Tickets are $5.
What is Alternative?: Alternative Histories Symposia
This symposia held in connection with the exhibition Alternative Histories will explain, expand, and expound on the history and future of alternative art spaces in New York City.
Friday, October 15 / 7–9pm
What is Alternative?
Moderator: Robert Storr, Dean of Yale School of Art and former Curator in Painting and Sculpture at the Museum of Modern Art, NY (1990 – 2002)
Participants: Papo Colo, Artistic Director / Co-Founder, Exit Art; Martha Wilson, Founder / Director, Franklin Furnace; Peter Cramer and Jack Waters, Former Directors of ABC No Rio, Founders / Director of Le Petit Versailles; Bridget Finn, Cleopatra's
This opening conversation amongst founders / directors of early and emerging alternative art spaces looks at the various definitions of an “alternative” space. Is alternative an accurate and appropriate word to describe its activities? What alternatives do these spaces provide, and for whom? What is the future of the alternative?
Friday, October 29 / 7-9pm
Activism and the Rise of Alternative Art Spaces
Moderator: Mary Anne Staniszewski, Associate Professor and Acting Head of the Arts Department at Rensselaer Polytechnic Institute, NY
Participants: Robert Lee, Director, Asian American Arts Centre; Beka Economopoulos, Co-Founder / Director, Not An Alternative; Alanna Heiss, Founder, P.S.1, Director, AIR and Clocktower Gallery; Avram Finkelstein, Gran Fury; Melissa Rachleff Burtt, Clinical Associate Professor of Arts Administration, NYU
Investigating the early history of New York alternative spaces, this panel looks at the genesis, culture and legacy of this movement in the context of activism and political agency.
Tuesday, November 9 / 7-9pm
Screening of performance event Soup & Tart, 1974-75
Soup & Tart is an extraordinary document of a marathon performance soirée organized by multimedia artist Jean Dupuy at The Kitchen on November 30, 1974. Dupuy invited over 30 downtown artists, musicians, and filmmakers to each give a two-minute performance. Participants included Hannah Wilke, Gordon Matta-Clark, Charlemagne Palestine, Arthur Russell and Richard Serra.
Wednesday, November 10 / 7-9pm
New Media Alternatives
Moderator: Ed Halter, Director of Light Industry, NY
Participants: Rebecca Cleman, Distribution Director, Electronic Arts Intermix; Lauren Cornell, Executive Director, Rhizome, and Adjunct Curator, the New Museum of Contemporary Art; Carol Parkinson, Director, Harvestworks
The participants in this panel are engaged with alternative spaces whose activities span more than 40 years. Covering topics as diverse as audio, film, video, the Internet and video games, this discussion will include unique perspectives on the ways in which new media has affected and altered the alternative space movement.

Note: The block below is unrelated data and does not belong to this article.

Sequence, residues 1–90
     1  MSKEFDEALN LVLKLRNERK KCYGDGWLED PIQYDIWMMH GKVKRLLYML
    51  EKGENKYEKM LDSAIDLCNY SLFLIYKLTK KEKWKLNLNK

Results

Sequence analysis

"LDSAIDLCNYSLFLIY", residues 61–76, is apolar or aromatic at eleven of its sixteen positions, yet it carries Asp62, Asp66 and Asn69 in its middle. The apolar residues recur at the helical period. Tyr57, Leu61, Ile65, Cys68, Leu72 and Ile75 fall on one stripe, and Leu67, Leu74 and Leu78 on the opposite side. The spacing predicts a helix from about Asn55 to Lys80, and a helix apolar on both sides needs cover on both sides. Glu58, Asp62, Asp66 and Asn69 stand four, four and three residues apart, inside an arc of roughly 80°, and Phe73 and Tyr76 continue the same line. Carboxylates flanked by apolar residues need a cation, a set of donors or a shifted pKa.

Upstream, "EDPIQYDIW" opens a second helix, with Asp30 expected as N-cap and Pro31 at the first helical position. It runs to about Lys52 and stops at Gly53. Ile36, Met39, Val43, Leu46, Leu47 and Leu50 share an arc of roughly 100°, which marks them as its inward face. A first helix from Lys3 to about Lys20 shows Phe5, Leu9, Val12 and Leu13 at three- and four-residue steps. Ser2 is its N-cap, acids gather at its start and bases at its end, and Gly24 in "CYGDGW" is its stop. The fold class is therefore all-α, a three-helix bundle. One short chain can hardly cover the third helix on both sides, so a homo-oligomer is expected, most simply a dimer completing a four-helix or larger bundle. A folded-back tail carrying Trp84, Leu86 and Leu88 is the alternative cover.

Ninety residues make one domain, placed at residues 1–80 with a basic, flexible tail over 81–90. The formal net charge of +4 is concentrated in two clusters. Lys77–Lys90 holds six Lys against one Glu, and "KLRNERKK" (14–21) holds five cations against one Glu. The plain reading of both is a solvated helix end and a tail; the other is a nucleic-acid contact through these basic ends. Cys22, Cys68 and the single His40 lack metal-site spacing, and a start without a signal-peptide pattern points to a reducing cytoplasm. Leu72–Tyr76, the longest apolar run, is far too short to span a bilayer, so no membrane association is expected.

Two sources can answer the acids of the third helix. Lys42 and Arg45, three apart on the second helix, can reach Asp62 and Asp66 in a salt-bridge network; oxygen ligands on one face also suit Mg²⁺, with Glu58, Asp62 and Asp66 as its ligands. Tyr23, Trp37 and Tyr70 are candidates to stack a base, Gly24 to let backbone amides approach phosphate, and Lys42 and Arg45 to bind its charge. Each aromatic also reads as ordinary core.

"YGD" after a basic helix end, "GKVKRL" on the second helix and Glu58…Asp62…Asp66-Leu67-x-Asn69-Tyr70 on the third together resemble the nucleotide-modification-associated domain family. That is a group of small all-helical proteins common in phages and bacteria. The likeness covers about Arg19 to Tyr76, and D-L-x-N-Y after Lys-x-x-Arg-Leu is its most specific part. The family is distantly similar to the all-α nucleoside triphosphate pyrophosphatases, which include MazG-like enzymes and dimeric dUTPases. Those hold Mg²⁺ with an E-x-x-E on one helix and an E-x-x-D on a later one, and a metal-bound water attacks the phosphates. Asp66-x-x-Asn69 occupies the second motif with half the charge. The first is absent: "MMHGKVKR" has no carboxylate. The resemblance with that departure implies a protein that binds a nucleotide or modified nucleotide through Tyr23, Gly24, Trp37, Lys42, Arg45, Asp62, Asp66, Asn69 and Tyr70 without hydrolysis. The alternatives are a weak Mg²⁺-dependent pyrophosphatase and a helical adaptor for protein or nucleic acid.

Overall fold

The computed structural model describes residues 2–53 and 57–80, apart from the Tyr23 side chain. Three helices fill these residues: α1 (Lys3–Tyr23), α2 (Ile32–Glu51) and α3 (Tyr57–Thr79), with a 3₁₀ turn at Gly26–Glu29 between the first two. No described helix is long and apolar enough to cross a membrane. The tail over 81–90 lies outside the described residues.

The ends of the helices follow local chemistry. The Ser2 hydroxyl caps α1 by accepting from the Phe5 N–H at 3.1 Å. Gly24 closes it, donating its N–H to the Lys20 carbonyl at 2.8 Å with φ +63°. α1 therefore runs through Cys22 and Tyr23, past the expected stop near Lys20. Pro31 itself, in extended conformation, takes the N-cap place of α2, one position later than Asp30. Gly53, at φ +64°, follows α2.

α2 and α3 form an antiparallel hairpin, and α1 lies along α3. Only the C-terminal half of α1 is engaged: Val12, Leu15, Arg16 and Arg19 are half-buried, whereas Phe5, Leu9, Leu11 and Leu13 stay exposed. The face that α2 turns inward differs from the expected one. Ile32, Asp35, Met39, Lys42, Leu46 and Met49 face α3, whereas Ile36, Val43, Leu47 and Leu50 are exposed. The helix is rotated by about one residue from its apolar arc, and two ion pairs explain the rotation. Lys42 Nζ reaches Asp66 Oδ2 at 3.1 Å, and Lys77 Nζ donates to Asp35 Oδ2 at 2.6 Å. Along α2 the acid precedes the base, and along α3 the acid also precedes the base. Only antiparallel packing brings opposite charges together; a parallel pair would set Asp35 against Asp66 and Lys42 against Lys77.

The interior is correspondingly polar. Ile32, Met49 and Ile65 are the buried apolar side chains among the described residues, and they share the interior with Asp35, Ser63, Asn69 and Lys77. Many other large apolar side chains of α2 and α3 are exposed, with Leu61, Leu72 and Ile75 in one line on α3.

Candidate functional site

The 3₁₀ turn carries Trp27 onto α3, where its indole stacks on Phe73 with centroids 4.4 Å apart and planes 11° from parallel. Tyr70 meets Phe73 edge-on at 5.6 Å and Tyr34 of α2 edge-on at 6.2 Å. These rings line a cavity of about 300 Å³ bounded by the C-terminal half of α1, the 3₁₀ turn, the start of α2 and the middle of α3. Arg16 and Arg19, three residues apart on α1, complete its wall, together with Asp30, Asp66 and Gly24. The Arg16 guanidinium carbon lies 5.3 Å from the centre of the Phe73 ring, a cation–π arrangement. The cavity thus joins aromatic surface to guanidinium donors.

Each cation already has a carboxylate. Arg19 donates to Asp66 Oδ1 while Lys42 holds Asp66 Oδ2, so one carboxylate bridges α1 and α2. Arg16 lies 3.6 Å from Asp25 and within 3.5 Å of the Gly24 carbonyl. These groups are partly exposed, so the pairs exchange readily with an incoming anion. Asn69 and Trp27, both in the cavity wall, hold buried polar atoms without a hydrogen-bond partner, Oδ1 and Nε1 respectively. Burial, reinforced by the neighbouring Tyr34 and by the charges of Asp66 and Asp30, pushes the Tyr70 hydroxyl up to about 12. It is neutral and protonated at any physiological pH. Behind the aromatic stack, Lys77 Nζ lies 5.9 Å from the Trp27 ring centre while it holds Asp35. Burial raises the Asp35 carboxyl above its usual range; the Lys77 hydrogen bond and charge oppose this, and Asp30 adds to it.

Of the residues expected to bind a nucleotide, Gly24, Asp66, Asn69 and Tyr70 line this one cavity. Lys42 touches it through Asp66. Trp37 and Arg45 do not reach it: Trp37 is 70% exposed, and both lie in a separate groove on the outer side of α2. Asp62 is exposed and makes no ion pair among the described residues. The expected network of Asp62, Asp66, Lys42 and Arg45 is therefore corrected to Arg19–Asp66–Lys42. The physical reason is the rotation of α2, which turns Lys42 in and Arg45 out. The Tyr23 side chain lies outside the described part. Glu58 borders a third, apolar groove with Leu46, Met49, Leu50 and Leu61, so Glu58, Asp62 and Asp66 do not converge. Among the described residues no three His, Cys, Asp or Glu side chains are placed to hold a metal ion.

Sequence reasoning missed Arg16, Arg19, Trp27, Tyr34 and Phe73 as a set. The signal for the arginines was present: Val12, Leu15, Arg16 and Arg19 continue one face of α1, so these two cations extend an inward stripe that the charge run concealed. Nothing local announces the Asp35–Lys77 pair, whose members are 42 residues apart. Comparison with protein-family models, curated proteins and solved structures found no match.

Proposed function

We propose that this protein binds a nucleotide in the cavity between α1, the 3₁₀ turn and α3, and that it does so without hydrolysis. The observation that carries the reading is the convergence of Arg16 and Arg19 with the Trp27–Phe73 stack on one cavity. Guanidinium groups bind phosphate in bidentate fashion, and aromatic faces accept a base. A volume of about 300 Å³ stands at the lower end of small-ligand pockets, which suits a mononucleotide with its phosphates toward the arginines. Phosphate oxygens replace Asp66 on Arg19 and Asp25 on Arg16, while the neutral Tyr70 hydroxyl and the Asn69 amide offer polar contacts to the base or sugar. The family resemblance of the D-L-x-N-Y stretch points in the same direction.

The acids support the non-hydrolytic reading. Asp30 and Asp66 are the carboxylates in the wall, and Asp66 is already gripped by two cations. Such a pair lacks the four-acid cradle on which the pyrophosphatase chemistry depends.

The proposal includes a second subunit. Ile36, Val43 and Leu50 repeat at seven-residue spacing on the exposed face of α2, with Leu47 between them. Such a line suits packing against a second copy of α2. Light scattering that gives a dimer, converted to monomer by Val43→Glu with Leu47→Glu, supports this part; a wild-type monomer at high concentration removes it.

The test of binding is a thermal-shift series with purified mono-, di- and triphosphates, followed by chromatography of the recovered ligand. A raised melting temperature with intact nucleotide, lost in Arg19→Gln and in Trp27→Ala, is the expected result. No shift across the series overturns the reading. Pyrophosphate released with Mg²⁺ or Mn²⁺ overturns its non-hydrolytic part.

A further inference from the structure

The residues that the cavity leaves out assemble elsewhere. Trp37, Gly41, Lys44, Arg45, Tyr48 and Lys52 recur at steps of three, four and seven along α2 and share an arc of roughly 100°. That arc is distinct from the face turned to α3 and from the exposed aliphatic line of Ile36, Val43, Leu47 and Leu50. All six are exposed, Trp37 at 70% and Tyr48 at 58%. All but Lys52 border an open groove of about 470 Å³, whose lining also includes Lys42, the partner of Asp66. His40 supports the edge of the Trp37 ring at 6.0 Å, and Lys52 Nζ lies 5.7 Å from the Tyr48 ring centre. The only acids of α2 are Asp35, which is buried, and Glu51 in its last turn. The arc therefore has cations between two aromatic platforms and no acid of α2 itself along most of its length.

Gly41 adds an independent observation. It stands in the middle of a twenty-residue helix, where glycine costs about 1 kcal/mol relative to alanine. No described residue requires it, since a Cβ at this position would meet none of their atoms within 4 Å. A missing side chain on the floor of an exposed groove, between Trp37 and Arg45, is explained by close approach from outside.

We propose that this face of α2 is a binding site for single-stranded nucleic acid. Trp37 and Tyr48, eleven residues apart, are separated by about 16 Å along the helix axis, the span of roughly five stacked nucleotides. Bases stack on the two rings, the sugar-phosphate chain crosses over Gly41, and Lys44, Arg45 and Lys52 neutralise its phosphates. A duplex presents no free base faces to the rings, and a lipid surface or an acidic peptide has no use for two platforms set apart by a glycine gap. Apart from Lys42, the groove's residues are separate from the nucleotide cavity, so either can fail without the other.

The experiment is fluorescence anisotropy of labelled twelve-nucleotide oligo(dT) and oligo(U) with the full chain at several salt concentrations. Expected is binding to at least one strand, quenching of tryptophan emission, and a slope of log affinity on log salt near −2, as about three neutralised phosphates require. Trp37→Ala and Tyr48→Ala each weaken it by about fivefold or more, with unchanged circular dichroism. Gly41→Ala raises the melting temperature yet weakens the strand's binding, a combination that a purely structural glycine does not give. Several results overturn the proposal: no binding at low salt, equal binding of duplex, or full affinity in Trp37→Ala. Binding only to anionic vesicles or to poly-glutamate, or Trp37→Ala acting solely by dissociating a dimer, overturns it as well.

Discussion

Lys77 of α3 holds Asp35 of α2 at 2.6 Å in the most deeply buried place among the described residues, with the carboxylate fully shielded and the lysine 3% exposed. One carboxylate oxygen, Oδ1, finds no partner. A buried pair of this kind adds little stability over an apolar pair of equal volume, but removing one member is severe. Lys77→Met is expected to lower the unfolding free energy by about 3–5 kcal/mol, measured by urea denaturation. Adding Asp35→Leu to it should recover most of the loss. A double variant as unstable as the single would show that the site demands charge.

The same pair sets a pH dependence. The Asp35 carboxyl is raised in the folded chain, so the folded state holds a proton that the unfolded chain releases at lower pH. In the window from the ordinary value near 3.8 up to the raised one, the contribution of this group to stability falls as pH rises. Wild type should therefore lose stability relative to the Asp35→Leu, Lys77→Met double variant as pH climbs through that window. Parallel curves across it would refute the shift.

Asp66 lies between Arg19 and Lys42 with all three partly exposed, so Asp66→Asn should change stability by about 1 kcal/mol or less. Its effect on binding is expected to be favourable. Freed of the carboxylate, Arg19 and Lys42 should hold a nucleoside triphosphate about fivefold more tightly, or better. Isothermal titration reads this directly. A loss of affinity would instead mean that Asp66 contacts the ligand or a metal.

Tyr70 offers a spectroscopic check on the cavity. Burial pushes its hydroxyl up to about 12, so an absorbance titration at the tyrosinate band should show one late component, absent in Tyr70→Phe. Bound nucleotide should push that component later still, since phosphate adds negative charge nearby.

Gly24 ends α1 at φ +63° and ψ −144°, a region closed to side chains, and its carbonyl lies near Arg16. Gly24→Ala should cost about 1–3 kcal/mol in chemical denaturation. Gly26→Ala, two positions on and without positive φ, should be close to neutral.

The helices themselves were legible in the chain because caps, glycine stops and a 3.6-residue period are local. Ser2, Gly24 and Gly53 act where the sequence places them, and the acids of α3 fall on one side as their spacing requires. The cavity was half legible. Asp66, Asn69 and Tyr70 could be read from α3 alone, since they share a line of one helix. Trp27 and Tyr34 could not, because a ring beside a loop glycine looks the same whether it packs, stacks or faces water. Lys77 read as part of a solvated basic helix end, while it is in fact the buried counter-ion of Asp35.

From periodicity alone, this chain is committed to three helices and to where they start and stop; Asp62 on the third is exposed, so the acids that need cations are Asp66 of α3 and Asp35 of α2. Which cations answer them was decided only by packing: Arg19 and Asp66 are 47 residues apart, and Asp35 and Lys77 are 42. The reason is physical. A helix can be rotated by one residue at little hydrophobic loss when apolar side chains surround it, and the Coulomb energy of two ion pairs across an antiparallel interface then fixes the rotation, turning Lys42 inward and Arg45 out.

Tuesday, November 16 and Wednesday, November 17 / 7-10pm
Counter Cultures, Counter Cinema
Curated by MM Serra, Executive Director of the NACG / The Film-Maker's Cooperative
Tuesday, November 16, 7-10pm
PROGRAM 1: Underground Classics
Flaming Creatures (Jack Smith, 1963, 16mm, black and white, sound) 45 minutes
Lupe (Jose Rodriguez-Soltero, 1966, 16mm, color, sound) 49.5 minutes
Fuses (Carolee Schneemann, 1964, 16mm, color, silent) 30 minutes
Wednesday, November 17, 7-10pm
PROGRAM 2: The New Underground
Don't Kill the Weatherman! (Martha Colburn, 2007, 5 minutes)
Myth Labs (Martha Colburn, 2008, 7:30 minutes)
Capitalism: Child Labor (Ken Jacobs, 2006, 14 minutes)
Manuelle Labor (Marie Losier, 2007, 10 minutes)
Lunch Break on the Xerox Machine (Marie Losier, 2009, 3 minutes)
Glitch Telemetry (Maria Niro, 2010, 3 minutes)
Dorian (Michelle Handelman, 2009, 9 minutes)
Atalanta: Thirty-Two Years Later (Lynne Sachs, 2006)
The Small Ones (Lynne Sachs, 2007, 4 minutes)
Burn, Volume 1 (Bradley Eros, 2004, 5:30 minutes)
Each evening of films will be introduced by a filmmaker, TBA, and will be followed by a panel discussion.
MM Serra is an experimental filmmaker, curator and author. She is the Executive Director of the Film-Maker's Cooperative, the world's largest archive of indepdendent media. Her film work was included in the program of "New York Experimental," a four part historical overview of experimental film from 1946-2007. Her new film, Chop Off, premiered at the Sundance Film Festival and was screened at the Tribeca Film Festival and the Museum of Modern Art's Documentary Fortnight Series in 2009. Her chapter on the work of Carolee Schneemann was published in Anthology of Experimental Filmmakers by Duke University Press (2007).
Related Panel Discussion:
Friday, October 22 / 6-8pm
Alternative Curatorial Strategies Today
Organized and hosted by ArtTable at Exit Art
Moderator: Erin Donnelly, LMCC
Participants: Ingrid Chu and Savannah Gorton, Forever & Today, Inc.; Allison Weisberg, Recess Activities; Michael Connor, Marian Spore; Regine Basha, Basha Projects/Grackleworld; Virginija Januškeviciute, CEC Artslink Fellow from Lithuania hosted by Independent Curators International; Radhika Subramaniam, Director/Chief Curator, Sheila C. Johnson Design Center
For this panel, you must RSVP with ArtTable by emailing Heather Bhandari at email@example.com.
Alter the Native
Imagination is an alternative to reality, creating options that never end.
History is a complex set of events that we organize at our convenience.
Alternative is the choosing of options that redefine the traditional.
Alternative spaces are another way to interpret reality,
an unconventional product of the mainstream.
They are the explorers of possibilities.
That was how this movement began.
But as the systems of power absorb our ways,
the alternative becomes mainstream and we again have to conceive new options.
Culture is always changing and the alternative task is to interpret that transformation.
Dissatisfaction with the ordinary art world is the motive,
to create another dimension in which different cultural trends are produced,
understanding the same bending in the culture
but with unique ways to express it.
Art is how populations use knowledge.
A new approach to an old method,
seeing the extraordinary before the ordinary arrives
The great idea of democracy is that it is run by alternatives.
The thirteen colonies were the original alternative space.
Art is the expression of everything we envision.
History has different stories depending on the narrator.
European colonization was the alternative to the native Americas.
Africans were the alternative to the hard work Europeans avoided.
Extermination and slavery were the apparatus to alter the native of the Americas.
Alternative is destruction and creation.